“Last Supper” to go online

MILAN (Reuters) – A high-resolution image of Da Vinci’s “Last Supper” will soon be posted on the Internet by an Italian technology firm, allowing art lovers and conspiracy theorists alike to scrutinize it from their own computers.

The digital imaging firm, called HAL9000 after the killer computer in Stanley Kubrick‘s film “2001: A Space Odyssey,” will post the 16-17 giga pixel image on its Web site (www.haltadefinizione.com) on Saturday.

Located in a former monks’ dining hall adjacent to a church in Milan, the 500-year-old mural by Leonardo Da Vinci depicts Jesus Christ when he predicts that one of his apostles will betray him.

Since the publication of the phenomenally successful novel, “The Da Vinci Code,” theories have abounded about the true meaning of the mural, known in Italian as “Cenacolo.”

In the novel, Dan Brown writes that Jesus Christ married his follower, Mary Magdelene, and fathered a child.

Others have since elaborated on the controversial idea.

The latest was put forward last summer by Slavisa Pesci, an information technologist and amateur scholar, leading to Web sites linked to the mural to crash.

Pesci said the superimposition of the mural with its mirror-image threw up another image containing a figure looking like a Templar knight and another holding a small baby.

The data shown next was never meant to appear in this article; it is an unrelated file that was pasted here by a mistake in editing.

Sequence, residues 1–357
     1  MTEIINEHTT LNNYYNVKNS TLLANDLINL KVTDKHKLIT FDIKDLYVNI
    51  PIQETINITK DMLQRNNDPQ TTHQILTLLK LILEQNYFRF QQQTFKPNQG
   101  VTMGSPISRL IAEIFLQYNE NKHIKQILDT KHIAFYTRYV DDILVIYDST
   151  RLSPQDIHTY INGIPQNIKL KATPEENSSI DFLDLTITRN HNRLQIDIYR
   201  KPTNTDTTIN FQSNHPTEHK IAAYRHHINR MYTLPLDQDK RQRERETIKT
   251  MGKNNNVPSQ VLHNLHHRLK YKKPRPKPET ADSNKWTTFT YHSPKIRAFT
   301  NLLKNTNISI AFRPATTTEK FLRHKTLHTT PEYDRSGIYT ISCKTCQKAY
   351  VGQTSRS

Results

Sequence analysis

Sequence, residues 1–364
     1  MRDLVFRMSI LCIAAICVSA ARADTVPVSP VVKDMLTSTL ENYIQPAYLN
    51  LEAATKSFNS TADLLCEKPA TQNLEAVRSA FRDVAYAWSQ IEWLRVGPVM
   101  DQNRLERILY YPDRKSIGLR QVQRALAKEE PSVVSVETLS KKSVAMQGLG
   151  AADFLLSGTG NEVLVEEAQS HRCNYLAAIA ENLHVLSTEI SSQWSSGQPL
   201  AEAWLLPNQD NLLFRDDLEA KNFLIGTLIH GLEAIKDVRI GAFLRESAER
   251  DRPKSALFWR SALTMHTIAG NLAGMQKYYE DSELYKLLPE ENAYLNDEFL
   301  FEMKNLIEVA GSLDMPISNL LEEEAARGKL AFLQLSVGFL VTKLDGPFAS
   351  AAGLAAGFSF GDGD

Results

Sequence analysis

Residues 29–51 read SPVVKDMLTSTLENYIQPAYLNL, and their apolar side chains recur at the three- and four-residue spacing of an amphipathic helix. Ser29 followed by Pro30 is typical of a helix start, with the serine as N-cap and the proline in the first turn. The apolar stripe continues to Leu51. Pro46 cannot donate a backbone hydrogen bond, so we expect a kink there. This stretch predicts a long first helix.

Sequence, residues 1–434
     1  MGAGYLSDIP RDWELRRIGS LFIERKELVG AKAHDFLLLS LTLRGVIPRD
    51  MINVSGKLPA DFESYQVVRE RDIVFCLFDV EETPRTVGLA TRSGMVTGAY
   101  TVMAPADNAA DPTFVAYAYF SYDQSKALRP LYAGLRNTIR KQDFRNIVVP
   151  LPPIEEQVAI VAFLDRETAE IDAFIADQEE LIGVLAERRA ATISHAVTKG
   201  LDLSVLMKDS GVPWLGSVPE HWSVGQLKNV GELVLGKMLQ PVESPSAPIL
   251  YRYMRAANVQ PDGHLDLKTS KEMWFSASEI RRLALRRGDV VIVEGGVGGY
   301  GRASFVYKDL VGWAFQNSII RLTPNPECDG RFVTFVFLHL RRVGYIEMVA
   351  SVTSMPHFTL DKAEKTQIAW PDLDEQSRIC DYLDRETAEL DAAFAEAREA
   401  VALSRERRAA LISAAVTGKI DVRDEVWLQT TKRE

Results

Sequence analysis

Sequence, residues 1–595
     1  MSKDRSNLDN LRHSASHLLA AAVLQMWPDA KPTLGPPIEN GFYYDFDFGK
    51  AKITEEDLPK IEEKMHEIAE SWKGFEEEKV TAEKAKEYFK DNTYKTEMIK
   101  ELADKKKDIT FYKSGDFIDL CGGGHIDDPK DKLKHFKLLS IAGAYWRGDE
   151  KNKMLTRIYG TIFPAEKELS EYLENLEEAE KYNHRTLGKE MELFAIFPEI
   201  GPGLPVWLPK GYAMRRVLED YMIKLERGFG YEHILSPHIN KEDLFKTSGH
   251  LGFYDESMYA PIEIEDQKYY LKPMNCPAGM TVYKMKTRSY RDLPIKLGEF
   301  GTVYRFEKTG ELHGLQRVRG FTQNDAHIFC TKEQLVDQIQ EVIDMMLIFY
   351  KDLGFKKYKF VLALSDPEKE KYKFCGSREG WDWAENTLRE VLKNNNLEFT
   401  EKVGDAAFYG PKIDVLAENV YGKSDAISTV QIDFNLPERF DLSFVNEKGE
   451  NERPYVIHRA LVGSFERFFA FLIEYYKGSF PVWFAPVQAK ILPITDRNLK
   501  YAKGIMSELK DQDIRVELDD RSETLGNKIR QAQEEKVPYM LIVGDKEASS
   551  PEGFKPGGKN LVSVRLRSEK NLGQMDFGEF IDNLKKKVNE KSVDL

HAL9000 General Manager Vincenzo Mirarchi told Reuters on Thursday the reason behind the firm’s decision to post the image on its Web site was to provide an innovative way to appreciate art rather than encourage speculation about its meaning.

“This will make it easier for people to see it,” he said, referring to the difficulties of arranging a visit to the hall where the mural is located.

So many tourists visiting Milan want to see it that they often have to make reservations at least a month in advance.

The posting of the “Last Supper” on the site, a project that has received technical support from Italian publisher De Agostini, will likely bring more hits to the firm’s Web site than other images posted in the past, said Mirarchi.

“We could have a few million visitors,” he said.

Among the other images is a fresco painted by Andrea Pozzo in 1685-1694 at the Sant’Ignazio di Loyola Church in Rome.

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